Mysterious malware -- that has not yet engaged in malicious activity -- has infected nearly 40,000 Mac devices, according to the cybersecurity firm Red Canary, which first detected the threat.
The malware, dubbed by Red Canary as "Silver Sparrow," is baffling researchers because of its elusive motives.
"Most malware has an ultimate goal," Brian Donohue, an intelligence analyst at Red Canary, told ABC News via email. "It might be to steal sensitive information, cause damage to devices or servers, or block access to data. In this case, we don’t actually know what that ultimate goal is, because we haven’t observed Silver Sparrow engaging in malicious activity."
Donohue noted, however, that most malware operations consist of multiple supporting functions that occur prior to the execution of malicious activity, such as gaining initial access or moving between devices on a network.
"In the case of Silver Sparrow, while we haven’t observed the final payload, we have seen other parts of the malware operation," he added. "For example, we’ve observed it using built-in functions of macOS to install itself on victim machines and to maintain persistence across reboots."
Donohue said a member of Red Canary's cyber incident response team first detected the malware -- which includes a code that runs on Apple's new M1 chip -- based on suspicious behavior from a customer's device. They have not identified its origins.
"As of today, we can confirm that the threat has infected nearly 40,000 macOS devices," he told ABC News, citing published data from antivirus firm Malwarebytes, though he said he believes this is likely an "underestimation of the total scope of the threat."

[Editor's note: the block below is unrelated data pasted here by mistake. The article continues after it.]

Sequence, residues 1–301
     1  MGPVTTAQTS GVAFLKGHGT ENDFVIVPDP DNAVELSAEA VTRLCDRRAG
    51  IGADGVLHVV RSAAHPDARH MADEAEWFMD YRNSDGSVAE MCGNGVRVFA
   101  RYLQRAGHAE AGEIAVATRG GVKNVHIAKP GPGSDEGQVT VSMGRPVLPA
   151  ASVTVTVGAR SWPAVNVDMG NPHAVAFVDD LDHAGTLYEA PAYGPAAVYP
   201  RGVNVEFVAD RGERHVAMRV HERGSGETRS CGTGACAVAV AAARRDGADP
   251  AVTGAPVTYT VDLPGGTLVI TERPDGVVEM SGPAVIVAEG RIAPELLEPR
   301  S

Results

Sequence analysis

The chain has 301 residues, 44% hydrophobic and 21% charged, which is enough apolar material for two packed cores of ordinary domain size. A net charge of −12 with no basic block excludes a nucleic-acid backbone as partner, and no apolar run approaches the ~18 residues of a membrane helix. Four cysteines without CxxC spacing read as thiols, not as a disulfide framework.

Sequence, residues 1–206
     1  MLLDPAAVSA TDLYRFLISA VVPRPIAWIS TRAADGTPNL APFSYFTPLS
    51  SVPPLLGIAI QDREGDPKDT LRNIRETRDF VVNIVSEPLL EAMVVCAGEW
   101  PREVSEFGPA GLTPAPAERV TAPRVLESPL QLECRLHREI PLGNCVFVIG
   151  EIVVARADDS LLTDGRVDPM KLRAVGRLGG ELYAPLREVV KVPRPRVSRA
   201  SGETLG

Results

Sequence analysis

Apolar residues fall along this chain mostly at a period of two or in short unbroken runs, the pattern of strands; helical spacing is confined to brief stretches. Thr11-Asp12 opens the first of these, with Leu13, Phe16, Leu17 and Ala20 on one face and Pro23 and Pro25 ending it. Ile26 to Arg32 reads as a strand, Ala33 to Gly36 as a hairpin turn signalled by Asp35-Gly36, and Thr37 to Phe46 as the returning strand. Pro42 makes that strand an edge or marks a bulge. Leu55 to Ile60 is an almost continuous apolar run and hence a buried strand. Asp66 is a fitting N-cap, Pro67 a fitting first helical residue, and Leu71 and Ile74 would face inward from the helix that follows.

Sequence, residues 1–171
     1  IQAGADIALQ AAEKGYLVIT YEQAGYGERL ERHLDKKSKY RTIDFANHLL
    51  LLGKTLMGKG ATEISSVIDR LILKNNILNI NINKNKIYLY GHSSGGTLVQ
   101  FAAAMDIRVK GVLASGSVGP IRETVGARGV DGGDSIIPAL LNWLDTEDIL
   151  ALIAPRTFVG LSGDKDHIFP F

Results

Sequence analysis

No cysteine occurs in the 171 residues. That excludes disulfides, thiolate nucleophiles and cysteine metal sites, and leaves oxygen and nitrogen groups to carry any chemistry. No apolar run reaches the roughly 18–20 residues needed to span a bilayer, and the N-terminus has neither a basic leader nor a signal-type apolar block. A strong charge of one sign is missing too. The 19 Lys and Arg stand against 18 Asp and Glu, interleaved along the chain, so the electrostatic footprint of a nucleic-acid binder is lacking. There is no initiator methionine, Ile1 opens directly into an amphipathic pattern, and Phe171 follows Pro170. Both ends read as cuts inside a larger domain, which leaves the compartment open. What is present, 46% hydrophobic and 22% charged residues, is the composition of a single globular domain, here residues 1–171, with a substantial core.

He added that the malware has been dubbed mysterious for two reasons, including that it lacks an ultimate payload and researchers cannot determine the purpose of the threat.
"The second relates to a file that, if present on an infected machine, causes Silver Sparrow to uninstall itself," Donohue said. "We do not know why this file is present on certain systems or why its presence causes Silver Sparrow to uninstall itself."
Although Silver Sparrow currently does not deliver a malicious payload, Donohue said they are "concerned that it could be updated to deliver one at a moment’s notice."
"This is compounded by the fact that it has a presence on nearly 40,000 machines and all the infrastructure necessary to support a more concerning threat," he said.
Apple told ABC News that it revoked the certificates of the developer accounts used to sign the packages, preventing new machines from being infected, after discovering the malware.
Apple noted its security protection and mechanisms and said its App Store provides the safest place to obtain software for Macs. In addition, Apple said it uses industry-leading technical mechanisms to protect users by detecting and blocking malware for software downloaded outside of the Mac App Store.
The company also noted, as made clear by the researchers, that there is no evidence to suggest the new malware has delivered a malicious payload.